Diversity & Democracy: Civic Learning for Shared Futures
Diversity Innovations Institutional Leadership and Commitment
Diversity Digest Volume 7, Number 3

Diversity Digest
Volume 7,
Number 3

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Diversity News
Diversity and Democracy:
the Unfinished Work
Dimensions of Diversity: Legal Lessons from the Decisions
Institutional Leadership and Commitment
Longhorn Scholars and the Opportunity Scholarship Program
Bridging the Gap: The ACE Program in Arizona
Aimed for Success: Meyerhoff Scholars Program
Campus Community Involvement
UCLA’s Success in Reaching Out
Student Experience
Rallying for Affirmative Action:
A Student Perspective
The Class is Half Empty: Report Supports Class-based Affirmative Action
Affirmative Action Resources

UCLA’s Success in Reaching Out to California’s Underserved Communities

By Bistra V. Bogdanova, program intern, Wellesley College, Office of Diversity, Equity, and Global Initiatives, AAC&U

AAP students at UCLA

AAP students at UCLA

Since California implemented Proposition 209 in 1997, which prohibits the use of affirmative action policies for admissions and hiring, state colleges and universities have searched for new ways to encourage students from disadvantaged backgrounds to pursue higher education. The University of California at Los Angeles (UCLA) has been one of the most successful in serving underrepresented populations and diversifying its campus.

For the past several years UCLA has been home to two of the most successful collaborations designed to help underrepresented students transfer from California community colleges to UCLA—the Center for Community College Partnerships (CCCP) and the Academic Advancement Program (AAP). These partnerships comprise more than a half dozen support programs, working closely together to provide the most accurate advice and adequate assistance to community college and transfer students.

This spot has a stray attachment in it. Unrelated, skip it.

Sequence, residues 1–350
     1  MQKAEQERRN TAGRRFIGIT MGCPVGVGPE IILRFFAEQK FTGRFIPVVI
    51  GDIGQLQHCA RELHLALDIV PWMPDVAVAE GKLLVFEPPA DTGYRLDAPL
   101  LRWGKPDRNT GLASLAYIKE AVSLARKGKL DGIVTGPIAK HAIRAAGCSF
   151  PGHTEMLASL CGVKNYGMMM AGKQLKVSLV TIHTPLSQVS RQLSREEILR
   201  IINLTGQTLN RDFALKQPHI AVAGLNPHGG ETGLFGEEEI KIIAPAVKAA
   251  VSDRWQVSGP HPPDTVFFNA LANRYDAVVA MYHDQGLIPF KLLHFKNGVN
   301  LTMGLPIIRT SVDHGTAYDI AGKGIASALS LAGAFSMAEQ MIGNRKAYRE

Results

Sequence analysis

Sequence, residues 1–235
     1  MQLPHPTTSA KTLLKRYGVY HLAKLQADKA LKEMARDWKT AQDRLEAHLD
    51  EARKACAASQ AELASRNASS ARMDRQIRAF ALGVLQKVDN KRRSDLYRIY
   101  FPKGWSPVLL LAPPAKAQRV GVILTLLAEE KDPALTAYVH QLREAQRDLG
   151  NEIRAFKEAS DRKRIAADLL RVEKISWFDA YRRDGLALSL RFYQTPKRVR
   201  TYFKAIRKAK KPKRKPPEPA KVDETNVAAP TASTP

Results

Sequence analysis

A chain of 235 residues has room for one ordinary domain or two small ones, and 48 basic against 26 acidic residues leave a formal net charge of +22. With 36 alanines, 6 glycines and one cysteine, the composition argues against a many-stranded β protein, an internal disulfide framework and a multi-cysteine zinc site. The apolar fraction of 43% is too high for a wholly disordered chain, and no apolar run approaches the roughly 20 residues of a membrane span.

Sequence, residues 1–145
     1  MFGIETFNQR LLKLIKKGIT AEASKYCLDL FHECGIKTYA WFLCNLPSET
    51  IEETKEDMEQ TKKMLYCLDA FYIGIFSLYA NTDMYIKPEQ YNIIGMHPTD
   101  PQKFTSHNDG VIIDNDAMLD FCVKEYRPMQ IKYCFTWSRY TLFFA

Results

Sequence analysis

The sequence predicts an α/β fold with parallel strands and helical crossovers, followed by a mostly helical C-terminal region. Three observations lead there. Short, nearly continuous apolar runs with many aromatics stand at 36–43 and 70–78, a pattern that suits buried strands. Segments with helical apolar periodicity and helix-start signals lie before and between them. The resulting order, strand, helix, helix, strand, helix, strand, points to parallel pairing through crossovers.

CCCP and AAP seek to ensure the successful completion of an undergraduate degree at UCLA by members of underrepresented communities. To achieve this goal, the programs use two strategies: to provide academic support and to establish a welcoming environment for minority and first-generation college students as well as for those who come from low-income and immigrant families.

The programs use two strategies: to provide academic support and to establish a welcoming environment for minority and first-generation college students as well as for those who come from low-income and immigrant families.

The Center for Community College Partnerships
CCCP provides a number of different programs to promising community college students and possible transfer candidates. Among its many initiatives is the Summer Intensive Transfer Experience (SITE), a free, residential program, where approximately 300 students spend six days at the UCLA campus discussing the transfer process, completing the suitable coursework for their desired majors, and learning about financial aid and available scholarships. The staff of SITE also introduces participants to better studying and time management techniques.

CCCP’s other projects include the Transfer Alliance Program (TAP), the University of California Transfer Outreach Program (UCTOP), the Summer Immersion Program (SIP), and the Math/Science Immersion program (MSI). All of these programs utilize workshops to encourage students to challenge themselves with more difficult courses, to give them the access to a university-bound curriculum, and to persuade them to transfer to one of the UC campuses.

The Academic Advancement Program
The Academic Advancement Program provides mentoring and counseling services, as well as information on scholarships and financial aid to AAP students at the UCLA campus. One part of the program is geared specifically toward making academic help available for those students who have not had access to a university curriculum. The other component consists of two types of counseling services: 1) to help students overcome the feelings of alienation and isolation in a student body where the majority of students come from the traditional college-educated family and 2) to disseminate information about financial aid and graduate schools.